Expenses included in COGS:

  1. Raw materials
  2. Direct labor costs

Expenses Not Included in COGS

  1. Overheads and other indirect costs
  2. Taxes

To calculate COGS, you first need to decide on the time period you want to measure. Then find out the value of your inventory at the beginning and end of the chosen period. Don’t forget to include any additional inventory purhcased. Include the direct labor cost as part of the inventory valuation.

The COGS formula is relatively straightforward.

Cost of goods sold formula:

COGS = Opening inventory + purchases during the period – closing inventory

Here’s what each of these terms means:

  • Opening inventory — The value of the inventory (raw materials, work-in-progress, or finished goods) at the beginning of the accounting period.
  • Purchases during the period — The total cost of additional inventory purchased or manufactured during the accounting period.
  • Closing inventory — The value of the inventory at the end of the accounting period.

As mentioned above, COGS excludes other costs like operating expenses (e.g., salaries, rent, utilities, marketing, etc.), which are recorded separately on the income statement. The result of the COGS calculation represents the actual costs directly associated with producing or acquiring the goods that have been sold during the given period.

The gross profit is then calculated by subtracting COGS from the total revenue (sales) generated during the same period:

Gross profit = Total revenue – COGS

Of course, this doesn’t take into account all your losses (and maybe not all your income). You need to work out other forms of revenue and expenses for your net profit.

So how to value your inventory? This depends on the inventory costing method you use. Each has advantages and disadvantages. The three main options are:


Let’s take a closer look at the three costing methods and which one to use for calculating your cost of goods sold in manufacturing.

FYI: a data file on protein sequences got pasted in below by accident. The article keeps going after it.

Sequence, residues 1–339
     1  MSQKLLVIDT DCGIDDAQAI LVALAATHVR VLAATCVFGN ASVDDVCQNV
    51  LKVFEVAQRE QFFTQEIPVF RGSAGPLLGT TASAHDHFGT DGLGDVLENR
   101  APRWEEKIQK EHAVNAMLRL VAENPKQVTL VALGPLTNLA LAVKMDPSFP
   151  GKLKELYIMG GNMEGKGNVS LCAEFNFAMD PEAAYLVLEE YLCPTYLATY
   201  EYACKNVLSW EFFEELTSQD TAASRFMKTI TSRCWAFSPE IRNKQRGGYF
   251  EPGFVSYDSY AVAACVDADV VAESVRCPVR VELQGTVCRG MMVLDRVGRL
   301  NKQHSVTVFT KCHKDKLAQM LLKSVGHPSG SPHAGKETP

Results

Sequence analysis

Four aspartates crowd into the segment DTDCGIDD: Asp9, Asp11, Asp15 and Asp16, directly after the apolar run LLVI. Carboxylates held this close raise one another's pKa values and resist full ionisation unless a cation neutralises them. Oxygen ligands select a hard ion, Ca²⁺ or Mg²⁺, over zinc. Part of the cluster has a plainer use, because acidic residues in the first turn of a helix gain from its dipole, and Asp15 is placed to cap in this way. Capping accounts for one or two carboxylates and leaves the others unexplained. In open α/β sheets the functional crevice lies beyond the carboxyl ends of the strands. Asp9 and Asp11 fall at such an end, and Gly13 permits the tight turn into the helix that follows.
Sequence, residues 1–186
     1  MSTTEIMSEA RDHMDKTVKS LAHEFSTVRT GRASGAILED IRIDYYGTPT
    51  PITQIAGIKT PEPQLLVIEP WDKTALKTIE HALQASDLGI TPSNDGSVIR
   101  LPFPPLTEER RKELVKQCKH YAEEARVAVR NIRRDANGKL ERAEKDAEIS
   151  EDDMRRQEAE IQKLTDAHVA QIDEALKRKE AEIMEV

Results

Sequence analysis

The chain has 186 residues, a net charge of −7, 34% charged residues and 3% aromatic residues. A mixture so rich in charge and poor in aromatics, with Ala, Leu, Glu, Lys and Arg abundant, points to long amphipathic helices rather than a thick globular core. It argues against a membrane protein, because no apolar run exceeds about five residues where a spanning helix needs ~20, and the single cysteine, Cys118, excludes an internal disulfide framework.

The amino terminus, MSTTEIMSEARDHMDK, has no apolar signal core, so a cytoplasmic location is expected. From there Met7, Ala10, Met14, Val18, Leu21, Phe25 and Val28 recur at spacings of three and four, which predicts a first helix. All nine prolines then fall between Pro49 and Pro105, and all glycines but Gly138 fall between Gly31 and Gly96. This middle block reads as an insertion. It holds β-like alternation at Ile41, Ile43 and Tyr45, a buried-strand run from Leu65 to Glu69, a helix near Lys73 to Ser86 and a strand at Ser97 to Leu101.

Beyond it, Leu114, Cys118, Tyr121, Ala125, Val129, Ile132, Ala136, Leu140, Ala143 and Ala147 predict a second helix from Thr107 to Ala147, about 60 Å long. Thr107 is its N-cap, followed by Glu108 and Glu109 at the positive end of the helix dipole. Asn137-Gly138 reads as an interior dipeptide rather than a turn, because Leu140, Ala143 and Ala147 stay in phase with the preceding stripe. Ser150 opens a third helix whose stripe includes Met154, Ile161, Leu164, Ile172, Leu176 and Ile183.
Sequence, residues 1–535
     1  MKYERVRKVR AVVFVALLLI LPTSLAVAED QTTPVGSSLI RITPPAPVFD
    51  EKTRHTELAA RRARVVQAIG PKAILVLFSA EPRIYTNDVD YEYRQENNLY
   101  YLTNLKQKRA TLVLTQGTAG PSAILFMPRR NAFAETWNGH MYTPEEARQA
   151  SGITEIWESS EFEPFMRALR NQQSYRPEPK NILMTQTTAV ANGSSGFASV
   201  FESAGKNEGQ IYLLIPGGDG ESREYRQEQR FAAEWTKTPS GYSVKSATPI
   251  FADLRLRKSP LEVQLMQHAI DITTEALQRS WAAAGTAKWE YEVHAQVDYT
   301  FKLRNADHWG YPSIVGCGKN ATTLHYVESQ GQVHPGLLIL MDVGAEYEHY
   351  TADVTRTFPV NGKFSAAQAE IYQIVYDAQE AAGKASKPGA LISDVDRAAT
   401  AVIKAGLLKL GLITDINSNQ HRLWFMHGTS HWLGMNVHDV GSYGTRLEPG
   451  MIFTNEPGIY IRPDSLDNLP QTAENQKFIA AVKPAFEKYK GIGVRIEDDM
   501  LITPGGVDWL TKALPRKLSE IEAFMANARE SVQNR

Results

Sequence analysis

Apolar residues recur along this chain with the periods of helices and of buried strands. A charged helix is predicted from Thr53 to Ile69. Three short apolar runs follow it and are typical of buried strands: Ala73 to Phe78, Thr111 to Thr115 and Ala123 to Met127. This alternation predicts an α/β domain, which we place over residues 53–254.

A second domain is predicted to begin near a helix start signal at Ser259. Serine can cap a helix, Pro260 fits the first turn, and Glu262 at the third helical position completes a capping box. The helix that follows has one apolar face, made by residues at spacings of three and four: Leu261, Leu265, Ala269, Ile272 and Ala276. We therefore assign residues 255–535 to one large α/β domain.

First in, first out (FIFO)

Many large manufacturers regard this as the theoretically correct inventory valuation method. It asserts that the first materials and stock to come into inventory will be the first out when sold.

  • Advantage — Gives you a more accurate valuation of your current inventory because all present inventory best represents the cost of the inventory most recently purchased.
  • Disadvantage — The COGS reflects older historical costs. That means the gross profit calculation may not reflect the actual figure.

Last in, first out (LIFO)

This is selling the most recent additions to your inventory first. If the cost of raw materials increases, the company will sell the higher-cost goods first. This means a business can report higher deductions for tax purposes.

  • Advantage — Can be good for a company’s cash flow as it records less taxable income.
  • Disadvantage — The last items added to inventory are usually the most expensive. This can inflate your COGS.

Is LIFO allowed?

  • Allowed by generally accepted accounting principles (GAAP)
  • Banned by international financial reporting standards (IFRS)

GAAP , but most other countries comply with IFRS.

Moving average cost (MAC)

As the name suggests, this method takes your average unit cost and applies it to all goods sold in that period. To calculate it, simply multiply the average purchase price by the number of units sold.

  • Advantage — Gives a more realistic reflection of your COGS. Using averages smooths out changes in market prices.
  • Disadvantage — The IRS and other tax authorities may still require you to report your inventory costs using another method.

All of the above accounting methods are accepted under GAAP, so can be used in the US.

Calculating COGS example

Say you have a handmade jewelry business. You start with $1,000 of jewelry inventory. This includes $800 in raw materials and $200 in direct labor (manufacturing) costs.